Granted, such changes may slowly play out over an extended period of time, with macro-level trends in preferred routes being relatively unobservable over the immediate to near-term. And drug interdiction figures alone cannot be considered the only reliable way to track popular drug routes.
However, if Central America has indeed remained the preferred transit corridor for drug traffickers, this goes against recent reports alleging drug trafficking is decreasing in the region.
This is most apparent in Honduras' case. In late 2015, Honduran officials, supported by their US counterparts, claimed to have eliminated nearly all drug flights into the country. Previous State Department estimates suggested almost 80 percent of all cocaine smuggling flights leaving South America passed through Honduras.
If accurate, assertions Honduras' cocaine air bridge has been shut down -- or at least severely impeded -- may explain the State Department report's finding of a 40 percent decline in cocaine shipments through the country. But the report does not explain how Honduras, a key link in Central America's drug trade, saw a decline in drug trafficking while Central America on the whole saw an increase.
That Central America remains the dominant corridor for cocaine shipments to the United States calls into the question the efficacy of US anti-drug programs in the region, such as CARSI.
"I'm not sure how both of those statements can be simultaneously true unless there was a massive (over 35 percent) decline in cocaine trafficking, which I haven't seen reported," James Bosworth, a partner at Southern Pulse, told InSight Crime.
In its summaries for other Central American nations, however, the State Department report does not provide numbers demonstrating either an increase or decline in cocaine trafficking to account for the difference. As Bosworth also observed, the report has "a whole chapter dedicated to the methodology of drug production estimates," but provides "no methodology for how they do drug transit estimates," something he said should be included in future reports.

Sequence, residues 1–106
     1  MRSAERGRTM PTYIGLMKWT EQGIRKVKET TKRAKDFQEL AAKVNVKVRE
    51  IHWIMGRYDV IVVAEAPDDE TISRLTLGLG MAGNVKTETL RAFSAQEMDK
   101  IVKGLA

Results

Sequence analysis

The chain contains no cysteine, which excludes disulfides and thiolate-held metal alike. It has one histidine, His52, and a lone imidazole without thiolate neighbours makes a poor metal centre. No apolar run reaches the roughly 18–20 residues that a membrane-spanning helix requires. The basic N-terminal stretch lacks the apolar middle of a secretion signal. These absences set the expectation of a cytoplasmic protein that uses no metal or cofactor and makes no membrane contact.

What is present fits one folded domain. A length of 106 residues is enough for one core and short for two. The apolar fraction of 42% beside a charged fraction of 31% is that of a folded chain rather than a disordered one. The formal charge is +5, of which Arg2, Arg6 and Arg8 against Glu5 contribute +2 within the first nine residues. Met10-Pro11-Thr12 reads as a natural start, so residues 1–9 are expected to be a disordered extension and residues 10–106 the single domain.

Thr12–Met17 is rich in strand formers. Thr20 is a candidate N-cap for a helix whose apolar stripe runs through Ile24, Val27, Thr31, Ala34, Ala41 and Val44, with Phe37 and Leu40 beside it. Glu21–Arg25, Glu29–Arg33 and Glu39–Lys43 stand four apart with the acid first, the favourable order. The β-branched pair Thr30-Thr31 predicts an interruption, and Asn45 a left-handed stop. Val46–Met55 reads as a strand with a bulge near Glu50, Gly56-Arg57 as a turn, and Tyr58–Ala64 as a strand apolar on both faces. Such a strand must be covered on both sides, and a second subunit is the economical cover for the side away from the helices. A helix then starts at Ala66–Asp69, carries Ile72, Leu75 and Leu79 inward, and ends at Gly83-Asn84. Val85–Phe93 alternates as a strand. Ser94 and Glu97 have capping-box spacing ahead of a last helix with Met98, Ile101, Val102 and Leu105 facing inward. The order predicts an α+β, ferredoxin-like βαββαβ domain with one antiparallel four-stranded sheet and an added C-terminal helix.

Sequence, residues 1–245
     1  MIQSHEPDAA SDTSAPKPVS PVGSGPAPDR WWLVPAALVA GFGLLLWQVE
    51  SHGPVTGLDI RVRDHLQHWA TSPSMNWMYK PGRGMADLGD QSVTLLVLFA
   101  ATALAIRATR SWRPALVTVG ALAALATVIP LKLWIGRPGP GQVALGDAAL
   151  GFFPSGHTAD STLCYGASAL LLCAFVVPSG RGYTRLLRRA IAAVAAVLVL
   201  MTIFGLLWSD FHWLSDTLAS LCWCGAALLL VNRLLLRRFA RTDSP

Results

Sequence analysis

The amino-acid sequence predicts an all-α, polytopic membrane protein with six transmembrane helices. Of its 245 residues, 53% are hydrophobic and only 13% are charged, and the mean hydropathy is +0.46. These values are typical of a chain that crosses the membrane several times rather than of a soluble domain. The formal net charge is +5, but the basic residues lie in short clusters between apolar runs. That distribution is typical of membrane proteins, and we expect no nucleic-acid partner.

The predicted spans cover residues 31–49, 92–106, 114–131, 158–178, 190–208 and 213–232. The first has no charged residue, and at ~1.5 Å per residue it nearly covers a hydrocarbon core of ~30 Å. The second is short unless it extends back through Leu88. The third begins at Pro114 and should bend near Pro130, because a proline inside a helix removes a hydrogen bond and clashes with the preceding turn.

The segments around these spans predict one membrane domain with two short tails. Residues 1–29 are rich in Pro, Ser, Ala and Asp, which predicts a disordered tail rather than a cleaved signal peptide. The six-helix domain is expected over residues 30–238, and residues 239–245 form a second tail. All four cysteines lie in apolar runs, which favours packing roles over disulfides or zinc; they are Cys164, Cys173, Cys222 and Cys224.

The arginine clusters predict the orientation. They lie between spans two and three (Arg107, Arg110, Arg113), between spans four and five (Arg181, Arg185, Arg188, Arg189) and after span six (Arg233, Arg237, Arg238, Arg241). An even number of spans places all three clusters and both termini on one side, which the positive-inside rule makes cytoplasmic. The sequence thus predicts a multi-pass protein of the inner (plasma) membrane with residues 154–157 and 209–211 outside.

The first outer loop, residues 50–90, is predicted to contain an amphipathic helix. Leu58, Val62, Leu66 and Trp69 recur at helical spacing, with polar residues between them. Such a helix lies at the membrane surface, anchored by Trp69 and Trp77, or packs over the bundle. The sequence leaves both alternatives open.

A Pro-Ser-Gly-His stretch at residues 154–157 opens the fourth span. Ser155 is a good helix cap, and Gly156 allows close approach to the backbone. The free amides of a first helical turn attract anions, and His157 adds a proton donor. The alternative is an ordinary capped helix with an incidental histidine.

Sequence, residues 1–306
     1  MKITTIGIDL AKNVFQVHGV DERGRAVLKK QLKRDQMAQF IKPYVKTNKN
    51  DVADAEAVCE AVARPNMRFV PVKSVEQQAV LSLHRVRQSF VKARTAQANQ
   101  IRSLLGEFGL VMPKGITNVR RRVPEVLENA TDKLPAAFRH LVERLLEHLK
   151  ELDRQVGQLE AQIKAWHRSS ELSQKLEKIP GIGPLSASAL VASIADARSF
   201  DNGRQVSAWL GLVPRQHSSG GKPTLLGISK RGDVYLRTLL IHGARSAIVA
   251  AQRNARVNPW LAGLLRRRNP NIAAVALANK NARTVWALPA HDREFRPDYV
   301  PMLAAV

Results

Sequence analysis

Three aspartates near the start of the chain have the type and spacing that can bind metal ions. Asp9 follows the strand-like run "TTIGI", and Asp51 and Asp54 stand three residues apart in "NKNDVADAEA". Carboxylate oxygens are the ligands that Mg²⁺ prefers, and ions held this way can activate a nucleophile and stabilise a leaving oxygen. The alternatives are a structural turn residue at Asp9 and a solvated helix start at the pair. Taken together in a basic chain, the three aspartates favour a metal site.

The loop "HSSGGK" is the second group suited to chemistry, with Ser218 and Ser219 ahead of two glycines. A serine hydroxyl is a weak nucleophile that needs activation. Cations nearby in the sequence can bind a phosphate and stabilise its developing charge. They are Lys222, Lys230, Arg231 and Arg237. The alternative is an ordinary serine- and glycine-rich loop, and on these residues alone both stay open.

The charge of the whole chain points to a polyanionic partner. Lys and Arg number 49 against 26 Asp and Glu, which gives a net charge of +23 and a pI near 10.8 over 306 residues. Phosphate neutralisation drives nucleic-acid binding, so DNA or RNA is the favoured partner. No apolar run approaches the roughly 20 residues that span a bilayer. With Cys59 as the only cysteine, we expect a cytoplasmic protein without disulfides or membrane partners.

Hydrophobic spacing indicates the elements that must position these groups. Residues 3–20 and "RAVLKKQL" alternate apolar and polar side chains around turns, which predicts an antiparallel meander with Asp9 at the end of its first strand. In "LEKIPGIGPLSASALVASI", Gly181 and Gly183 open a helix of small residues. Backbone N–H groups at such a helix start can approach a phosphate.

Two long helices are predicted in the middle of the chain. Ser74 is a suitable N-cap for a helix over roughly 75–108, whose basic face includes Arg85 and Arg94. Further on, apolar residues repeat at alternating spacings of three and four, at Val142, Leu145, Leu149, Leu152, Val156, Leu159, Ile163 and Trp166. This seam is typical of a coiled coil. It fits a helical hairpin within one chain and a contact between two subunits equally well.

Such questions over methodology -- and discrepancies in reported drug transit estimates -- throws doubt on the reliability of the figures provided by the State Department.
Moreover, that Central America remains the dominant corridor for cocaine shipments to the United States calls into the question the efficacy of US anti-drug programs in the region, such as the State Department's Central America Regional Security Initiative (CARSI). One of the five pillars of CARSI is: Disrupt the movement of criminals and contraband to, within, and between the nations of Central America. In addition to security assistance provided under CARSI, the United States has also been targeting illicit trafficking routes in Central America's coastal waters under Operation Martillo.
If effective, such programs would presumably have displaced trafficking routes to the Caribbean, as US officials previously predicted.
Sarah Kinosian, a Program Officer at the Washington Office on Latin America (WOLA) with expertise on regional security policy programs, offers a partial explanation for why this has not happened. Kinosian told InSight Crime "there seems to be recognition that CARSI wasn't working in general." Part of the problem, Kinosian said, has been "too much focus on interdiction, equipment, and training," and not enough on corruption and other factors "that allow drug trafficking to happen."